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ISO 14971 - FMEA Alone is not enough

Tools commonly used for risk management

The requirement is for a product lifecycle approach. i.e. from initial concept to end-of-life disposal

The variety, complexity and wide range of applicability of risk management tools can be confusing especially for those new to risk management. Too often those responsible for overseeing the risk management of medical devices limit themselves to using basic FMEA – Failure Modes and Effect Analysis – or even a ‘slimmed-down' version of an FMEA. This is a mistake. And does not adequately implement ISO 14971, which should lead to a non-compliance finding.

The vast majority of medical device manufacturers claim to incorporate ISO 14971 into their QMS. Yet most offer a single FMEA as proof of compliance. This falls far short of what this standard and its companion, ISO/TR 24971, require. A product lifetime approach, which is the requirement, cannot be satisfied by a single FMEA.

In this post, we want to focus on the tools available and where they are most often applied (or where they should be most often applied). For Medical Device Manufacturers and for their component and other suppliers, the best information source here is the Annexes of ISO 14971 and of ISO/TR 24971, Guidance on the application of ISO 14971. We recommend you study …

  • ISO 14971, Annex A: Fundamental Risk Concepts
  • ISO/TR 24971, Annex A: identification of hazards and characteristics related to safety
  • ISO/TR 24971, Annex B: Techniques that support risk analysis
  • ISO/TR 24971, Annex C: Relation between the policy, criteria for risk acceptability, risk control and risk evaluation

 

Popular Tools and where they typically apply

It is not immediately obvious to the reader of ISO 14971 and ISO/TS 24971 as to where in the lifecycle of a product each of the tools should be applied. The table maps each of the tools against the lifecycle stage where typically they are used.

When to Use Specific Assessment Tools

Tools and Techniques

Lifecycle Stage

Comment

Design and Development Production Operation and Use

Preliminary Hazard Analysis (PHA)

X     Most commonly carried out early in the development of a project when there is little information on design details or operating procedures and can often be a precursor to further studies. It can be useful when analysing existing systems or prioritizing hazards where circumstances prevent a more extensive technique from being used.

Hazard and operability studies (HAZOP)

  X  

While the use of HAZOP studies in the chemical industry focuses on deviations from design intent, there are alternative applications for a medical device developer. A HAZOP can be applied to…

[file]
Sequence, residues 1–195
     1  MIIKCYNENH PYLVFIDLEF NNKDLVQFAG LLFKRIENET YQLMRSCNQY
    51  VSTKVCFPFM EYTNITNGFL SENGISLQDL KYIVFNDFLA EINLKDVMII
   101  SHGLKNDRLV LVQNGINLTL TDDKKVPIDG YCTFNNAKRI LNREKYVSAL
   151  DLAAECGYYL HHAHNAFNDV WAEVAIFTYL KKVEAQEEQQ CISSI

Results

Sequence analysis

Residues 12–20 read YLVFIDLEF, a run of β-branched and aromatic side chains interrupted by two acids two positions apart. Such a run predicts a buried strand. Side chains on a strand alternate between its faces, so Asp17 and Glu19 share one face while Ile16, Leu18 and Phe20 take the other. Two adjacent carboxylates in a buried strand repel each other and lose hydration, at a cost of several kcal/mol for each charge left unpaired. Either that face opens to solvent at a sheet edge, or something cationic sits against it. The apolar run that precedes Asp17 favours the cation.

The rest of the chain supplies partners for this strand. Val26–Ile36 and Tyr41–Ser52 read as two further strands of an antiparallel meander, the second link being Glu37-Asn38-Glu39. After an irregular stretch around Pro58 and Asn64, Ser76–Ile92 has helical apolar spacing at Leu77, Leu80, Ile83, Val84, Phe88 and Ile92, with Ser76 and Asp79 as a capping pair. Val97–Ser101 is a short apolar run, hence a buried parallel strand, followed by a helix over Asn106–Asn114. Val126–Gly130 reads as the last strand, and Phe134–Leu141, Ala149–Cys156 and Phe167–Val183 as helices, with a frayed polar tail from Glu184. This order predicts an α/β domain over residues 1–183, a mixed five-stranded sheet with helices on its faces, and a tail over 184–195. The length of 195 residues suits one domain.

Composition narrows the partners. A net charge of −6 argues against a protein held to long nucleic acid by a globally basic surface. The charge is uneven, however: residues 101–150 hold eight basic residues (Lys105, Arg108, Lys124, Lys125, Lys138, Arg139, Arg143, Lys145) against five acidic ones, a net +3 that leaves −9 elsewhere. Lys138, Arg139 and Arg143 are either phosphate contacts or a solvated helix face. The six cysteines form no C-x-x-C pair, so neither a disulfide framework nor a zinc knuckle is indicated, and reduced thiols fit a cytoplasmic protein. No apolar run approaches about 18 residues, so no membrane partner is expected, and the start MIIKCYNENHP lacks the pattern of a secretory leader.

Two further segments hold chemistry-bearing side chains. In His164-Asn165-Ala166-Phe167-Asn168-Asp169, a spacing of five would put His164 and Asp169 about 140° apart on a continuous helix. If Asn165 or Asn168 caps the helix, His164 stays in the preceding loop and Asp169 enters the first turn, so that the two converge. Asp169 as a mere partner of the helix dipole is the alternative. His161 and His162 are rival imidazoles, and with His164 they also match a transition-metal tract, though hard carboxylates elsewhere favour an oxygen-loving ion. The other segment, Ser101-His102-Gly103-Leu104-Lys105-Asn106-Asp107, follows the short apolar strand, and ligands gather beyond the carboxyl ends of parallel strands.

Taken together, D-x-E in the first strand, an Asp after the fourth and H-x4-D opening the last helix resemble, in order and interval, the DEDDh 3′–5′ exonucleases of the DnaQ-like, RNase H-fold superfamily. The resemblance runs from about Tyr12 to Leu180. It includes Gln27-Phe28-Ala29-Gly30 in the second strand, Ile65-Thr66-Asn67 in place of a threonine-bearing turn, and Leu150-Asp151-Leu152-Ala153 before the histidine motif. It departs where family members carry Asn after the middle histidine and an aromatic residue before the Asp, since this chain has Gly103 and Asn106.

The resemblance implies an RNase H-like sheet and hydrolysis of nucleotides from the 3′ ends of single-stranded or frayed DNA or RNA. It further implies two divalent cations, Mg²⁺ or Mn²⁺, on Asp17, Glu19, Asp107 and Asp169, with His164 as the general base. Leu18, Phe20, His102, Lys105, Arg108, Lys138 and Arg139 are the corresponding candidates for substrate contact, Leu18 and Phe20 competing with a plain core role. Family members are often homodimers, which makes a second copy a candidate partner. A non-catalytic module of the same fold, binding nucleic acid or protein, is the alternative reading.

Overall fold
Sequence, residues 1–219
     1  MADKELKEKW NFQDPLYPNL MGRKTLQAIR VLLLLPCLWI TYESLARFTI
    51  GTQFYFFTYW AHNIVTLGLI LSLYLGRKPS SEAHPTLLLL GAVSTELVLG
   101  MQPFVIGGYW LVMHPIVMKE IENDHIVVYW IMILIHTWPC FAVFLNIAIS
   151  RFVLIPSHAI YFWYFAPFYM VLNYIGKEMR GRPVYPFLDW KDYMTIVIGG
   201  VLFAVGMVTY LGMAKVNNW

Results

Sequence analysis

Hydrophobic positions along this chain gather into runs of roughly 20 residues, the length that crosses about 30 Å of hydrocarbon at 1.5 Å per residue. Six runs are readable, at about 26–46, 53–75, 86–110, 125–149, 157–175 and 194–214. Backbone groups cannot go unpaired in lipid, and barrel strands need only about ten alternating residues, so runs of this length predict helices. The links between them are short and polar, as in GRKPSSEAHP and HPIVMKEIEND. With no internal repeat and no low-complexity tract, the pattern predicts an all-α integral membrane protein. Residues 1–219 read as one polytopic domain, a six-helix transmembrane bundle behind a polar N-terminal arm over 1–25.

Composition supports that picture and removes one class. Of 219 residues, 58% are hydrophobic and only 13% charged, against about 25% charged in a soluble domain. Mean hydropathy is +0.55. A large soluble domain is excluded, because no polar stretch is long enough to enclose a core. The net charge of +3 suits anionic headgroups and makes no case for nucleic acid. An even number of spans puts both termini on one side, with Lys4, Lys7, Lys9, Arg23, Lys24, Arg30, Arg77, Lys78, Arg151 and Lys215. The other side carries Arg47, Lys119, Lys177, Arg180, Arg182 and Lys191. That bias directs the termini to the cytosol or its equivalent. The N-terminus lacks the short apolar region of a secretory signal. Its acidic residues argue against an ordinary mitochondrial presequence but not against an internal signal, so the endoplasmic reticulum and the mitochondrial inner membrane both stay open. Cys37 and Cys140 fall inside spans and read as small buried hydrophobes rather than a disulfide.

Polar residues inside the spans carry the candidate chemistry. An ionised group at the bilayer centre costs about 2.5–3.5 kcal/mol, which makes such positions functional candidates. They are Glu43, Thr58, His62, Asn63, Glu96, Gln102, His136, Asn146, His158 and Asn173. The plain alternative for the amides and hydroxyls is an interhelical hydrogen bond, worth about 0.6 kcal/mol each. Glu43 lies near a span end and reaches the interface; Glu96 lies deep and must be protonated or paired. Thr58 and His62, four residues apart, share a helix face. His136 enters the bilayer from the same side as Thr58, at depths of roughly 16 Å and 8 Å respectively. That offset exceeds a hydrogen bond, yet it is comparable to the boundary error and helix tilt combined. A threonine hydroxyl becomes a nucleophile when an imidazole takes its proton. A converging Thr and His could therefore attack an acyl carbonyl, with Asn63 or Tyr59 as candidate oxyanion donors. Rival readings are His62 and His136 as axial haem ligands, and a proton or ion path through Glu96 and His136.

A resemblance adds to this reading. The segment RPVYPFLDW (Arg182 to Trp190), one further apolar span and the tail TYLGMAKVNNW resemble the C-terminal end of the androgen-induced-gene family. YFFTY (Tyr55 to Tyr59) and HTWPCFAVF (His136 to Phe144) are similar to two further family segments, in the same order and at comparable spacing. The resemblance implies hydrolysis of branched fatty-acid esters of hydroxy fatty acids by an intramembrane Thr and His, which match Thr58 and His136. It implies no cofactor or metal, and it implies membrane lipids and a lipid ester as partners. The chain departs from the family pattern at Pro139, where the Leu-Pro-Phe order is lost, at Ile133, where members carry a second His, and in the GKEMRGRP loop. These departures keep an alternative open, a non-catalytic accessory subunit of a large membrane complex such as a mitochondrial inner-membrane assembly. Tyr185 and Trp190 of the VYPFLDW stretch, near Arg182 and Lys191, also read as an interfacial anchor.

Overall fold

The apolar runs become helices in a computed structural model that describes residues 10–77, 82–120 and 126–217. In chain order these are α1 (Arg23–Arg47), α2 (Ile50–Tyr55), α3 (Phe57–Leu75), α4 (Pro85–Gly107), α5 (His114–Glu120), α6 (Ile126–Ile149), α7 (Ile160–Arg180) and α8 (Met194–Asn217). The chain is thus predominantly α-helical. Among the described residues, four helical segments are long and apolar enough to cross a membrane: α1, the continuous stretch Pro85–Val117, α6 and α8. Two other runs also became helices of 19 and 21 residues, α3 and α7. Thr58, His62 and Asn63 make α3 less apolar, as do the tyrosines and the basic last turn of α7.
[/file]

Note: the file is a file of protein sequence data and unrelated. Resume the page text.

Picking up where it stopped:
-           the operation/function of the medical device (e.g., to the existing methods/processes used for the diagnosis, treatment or alleviation of disease as the “design intent”), or

-           to a process used in the manufacture or maintenance/service of the medical device (e.g., sterilization) that can have a significant impact on the function of the medical device.

Hazard Analysis and Critical Control Points (HACCP)

  X   This is a systematic approach to the identification, evaluation and control of hazards, and is best applied to established processes, particularly manufacturing processes. Applied to medical devices, HACCP is used for the control and monitoring of initiating causes of product hazards originating in the processes themselves.

Design FMEA

X     During all stages of product design and development.

Process FMEA

X X X During the design and development process and continuing throughout the product life cycle.   Production and postproduction feedback is often used to update FMEAs and/or verify them.

Administrative FMEA

  X X

While Design and Process FMEAs are based on individual product components, FMEAs can also be applied to processes. Here, the risks associated with the individual activities that go to make up a process are examined, the associated risks are evaluated, andsteps are taken to reduce unacceptable risks to an acceptable level.

User (or Patient) FMEA

X   X

In this case, the effects of product or component failure during use, or un-intended miss-use, are considered. While most frequently applied to considerations of patient safety, application to consumer, or end-user, satisfaction is also possible. This directly addresses the requirements of Clause 7.1 of ISO 13485.

ISO 14971: Choosing the Right Risk Management Tool

 

 

Reference: deGRANDSON Course 723: Risk Assessment and Risk Management - Foundation

Conclusion

While our focus is on the risks associated with Medical Device manufacture, you can no doubt find analogous opportunities to apply the tools to any organization. And they are not limited in use to manufacturing; they are just as applicable to all business activities, both public and private sector.

The management of risk is fundamental to business improvement. So be sure to give these tools a try.

For Medical Device Manufacturers and their suppliers, you are now expected to offer more than a single FMEA. Notified Body and Certification Body Auditors now expect threats to patient/user safety to be addressed throughout a product’s lifecycle. The result: a single FMEA will result in a noncompliance. Don’t say we didn’t warn you

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Written by Dr John FitzGerald

Director & Founder of deGRANDSON Global. Spent 15 years in the manufacturing industry and 25 years training, consulting & auditing management systems
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